Davey was very kind letting me pick his brain about the cargo bike scene in Seattle. I noted the fact that e-assist seemed to be a much bigger part of their inventory, and he emphasized that for Seattle, not only was e-assist very helpful, but high speed stability was equally important for all the downhills. I neglected to take pictures of the one lonely Haul a Day on the shop floor, but he pointed out that it was the model with the heavy duty frame (“Haula Abdul”), and that they had a custom component spec that was much more suited to local conditions. Much of the feedback to Bike Friday in developing the heavy duty model came from G&O.

He also pointed out some of the features of the new Xtracycle Swoop, in particular the thru axle front fork that makes it much more stiff, as well as eliminating the possibility of front wheel ejection while using the disk brake.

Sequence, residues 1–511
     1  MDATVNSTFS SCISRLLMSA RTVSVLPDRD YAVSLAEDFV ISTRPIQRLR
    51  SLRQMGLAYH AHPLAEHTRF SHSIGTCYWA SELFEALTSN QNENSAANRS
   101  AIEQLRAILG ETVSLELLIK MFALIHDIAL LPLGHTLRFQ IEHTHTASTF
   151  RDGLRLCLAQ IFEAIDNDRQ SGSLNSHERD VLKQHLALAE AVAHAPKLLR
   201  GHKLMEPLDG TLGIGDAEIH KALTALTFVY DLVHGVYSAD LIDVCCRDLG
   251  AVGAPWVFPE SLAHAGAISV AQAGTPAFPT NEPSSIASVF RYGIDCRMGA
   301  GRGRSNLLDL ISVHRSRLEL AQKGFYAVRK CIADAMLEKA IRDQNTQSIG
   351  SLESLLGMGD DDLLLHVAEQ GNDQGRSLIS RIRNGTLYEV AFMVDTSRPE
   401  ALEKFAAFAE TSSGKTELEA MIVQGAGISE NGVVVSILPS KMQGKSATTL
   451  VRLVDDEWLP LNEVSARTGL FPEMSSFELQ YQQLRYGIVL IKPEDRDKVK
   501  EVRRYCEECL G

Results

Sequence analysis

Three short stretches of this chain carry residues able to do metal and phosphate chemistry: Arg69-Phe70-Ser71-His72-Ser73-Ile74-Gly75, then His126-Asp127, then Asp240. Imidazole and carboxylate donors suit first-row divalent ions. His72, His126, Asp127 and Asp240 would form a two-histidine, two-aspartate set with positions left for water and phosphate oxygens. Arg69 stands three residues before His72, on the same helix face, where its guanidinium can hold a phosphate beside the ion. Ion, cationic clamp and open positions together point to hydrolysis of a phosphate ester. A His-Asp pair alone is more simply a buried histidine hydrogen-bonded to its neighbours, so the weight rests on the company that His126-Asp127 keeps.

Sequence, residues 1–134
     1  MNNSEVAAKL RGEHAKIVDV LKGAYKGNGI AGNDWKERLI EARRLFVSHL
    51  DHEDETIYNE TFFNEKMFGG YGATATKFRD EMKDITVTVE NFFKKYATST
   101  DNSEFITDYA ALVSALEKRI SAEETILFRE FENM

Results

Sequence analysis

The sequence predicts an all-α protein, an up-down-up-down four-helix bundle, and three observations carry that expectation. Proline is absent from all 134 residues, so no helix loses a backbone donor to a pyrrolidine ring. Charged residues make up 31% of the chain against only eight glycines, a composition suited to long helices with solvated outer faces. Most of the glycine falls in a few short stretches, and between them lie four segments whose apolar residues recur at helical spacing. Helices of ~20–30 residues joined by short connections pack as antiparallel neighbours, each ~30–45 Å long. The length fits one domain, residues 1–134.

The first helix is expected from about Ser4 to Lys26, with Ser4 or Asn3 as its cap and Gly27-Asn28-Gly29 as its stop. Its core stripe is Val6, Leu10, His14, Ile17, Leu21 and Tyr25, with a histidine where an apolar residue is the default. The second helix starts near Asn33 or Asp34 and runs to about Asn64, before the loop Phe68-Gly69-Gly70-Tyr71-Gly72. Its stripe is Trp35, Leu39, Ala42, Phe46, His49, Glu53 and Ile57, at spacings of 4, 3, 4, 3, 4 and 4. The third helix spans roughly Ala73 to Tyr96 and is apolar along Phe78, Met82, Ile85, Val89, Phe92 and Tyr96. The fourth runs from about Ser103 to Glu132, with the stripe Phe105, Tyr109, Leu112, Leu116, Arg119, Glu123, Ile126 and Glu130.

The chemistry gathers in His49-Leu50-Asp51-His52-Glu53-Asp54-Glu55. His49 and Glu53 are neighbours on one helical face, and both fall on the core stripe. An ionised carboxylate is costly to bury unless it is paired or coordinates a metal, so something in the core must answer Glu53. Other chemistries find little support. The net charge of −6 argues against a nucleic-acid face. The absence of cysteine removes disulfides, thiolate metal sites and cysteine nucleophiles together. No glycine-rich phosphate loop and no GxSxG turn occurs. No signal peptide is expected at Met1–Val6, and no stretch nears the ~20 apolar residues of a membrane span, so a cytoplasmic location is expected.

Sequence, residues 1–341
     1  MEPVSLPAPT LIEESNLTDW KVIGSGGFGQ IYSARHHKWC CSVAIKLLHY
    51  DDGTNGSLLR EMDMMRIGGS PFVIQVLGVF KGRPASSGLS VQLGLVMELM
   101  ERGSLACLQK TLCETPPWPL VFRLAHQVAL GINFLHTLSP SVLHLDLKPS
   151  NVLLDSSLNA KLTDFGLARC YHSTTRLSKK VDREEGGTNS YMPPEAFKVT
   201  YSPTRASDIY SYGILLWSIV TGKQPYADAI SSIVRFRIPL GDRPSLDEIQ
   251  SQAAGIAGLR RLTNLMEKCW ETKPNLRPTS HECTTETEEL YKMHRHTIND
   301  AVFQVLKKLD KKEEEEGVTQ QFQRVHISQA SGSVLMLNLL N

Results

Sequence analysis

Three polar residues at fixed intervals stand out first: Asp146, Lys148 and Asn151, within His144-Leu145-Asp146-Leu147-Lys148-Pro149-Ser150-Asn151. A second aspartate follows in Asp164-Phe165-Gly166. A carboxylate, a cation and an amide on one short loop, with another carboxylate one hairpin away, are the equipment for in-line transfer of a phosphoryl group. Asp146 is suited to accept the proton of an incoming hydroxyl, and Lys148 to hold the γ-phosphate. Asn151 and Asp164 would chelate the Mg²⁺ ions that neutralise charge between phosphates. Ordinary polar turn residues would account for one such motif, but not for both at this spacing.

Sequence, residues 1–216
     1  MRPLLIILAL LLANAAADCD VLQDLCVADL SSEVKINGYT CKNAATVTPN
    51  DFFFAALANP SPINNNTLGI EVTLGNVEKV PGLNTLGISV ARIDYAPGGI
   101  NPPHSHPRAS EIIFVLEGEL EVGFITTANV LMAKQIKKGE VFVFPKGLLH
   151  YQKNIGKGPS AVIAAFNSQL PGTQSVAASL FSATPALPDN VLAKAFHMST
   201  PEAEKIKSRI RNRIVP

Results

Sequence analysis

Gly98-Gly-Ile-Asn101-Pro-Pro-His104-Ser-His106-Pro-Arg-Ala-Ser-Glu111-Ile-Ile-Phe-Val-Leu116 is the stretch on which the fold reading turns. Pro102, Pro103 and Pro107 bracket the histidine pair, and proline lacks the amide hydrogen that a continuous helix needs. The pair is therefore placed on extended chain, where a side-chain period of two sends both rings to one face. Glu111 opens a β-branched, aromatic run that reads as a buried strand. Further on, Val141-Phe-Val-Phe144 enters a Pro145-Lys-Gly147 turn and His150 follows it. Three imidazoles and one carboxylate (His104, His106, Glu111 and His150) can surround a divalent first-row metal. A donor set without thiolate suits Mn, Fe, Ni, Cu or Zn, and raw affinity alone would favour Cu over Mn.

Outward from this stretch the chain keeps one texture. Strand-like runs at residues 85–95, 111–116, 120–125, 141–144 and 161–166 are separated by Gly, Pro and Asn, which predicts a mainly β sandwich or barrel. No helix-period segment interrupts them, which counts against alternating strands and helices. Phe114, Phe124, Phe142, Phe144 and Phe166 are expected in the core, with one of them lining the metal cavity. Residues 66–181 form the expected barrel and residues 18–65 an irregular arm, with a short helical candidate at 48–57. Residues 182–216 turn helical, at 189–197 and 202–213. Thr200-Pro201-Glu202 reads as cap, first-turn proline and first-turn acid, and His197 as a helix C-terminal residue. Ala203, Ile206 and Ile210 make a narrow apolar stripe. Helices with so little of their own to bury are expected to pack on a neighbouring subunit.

The other bike that he spent some time discussing was the Reise and Muller Load which is the darker blue bike in the first picture. He said that the combination of the stiff frame and dual suspension was a revelation, and that the resulting high speed stability made it an ideal bike for Seattle’s hills, despite its somewhat limited cargo capacity.

Once again, I’d say that Seattleites are very fortunate to have a shop like G&O that not only has a comprehensive selection of cargo bikes, but even more importantly has the expertise to advise customers on the very best bike/trike for their needs.

Side note: on my way to and from the shop, I was able to check out the newly painted 92nd St bike lane, and I liked the fact that it had green paint at every cross street.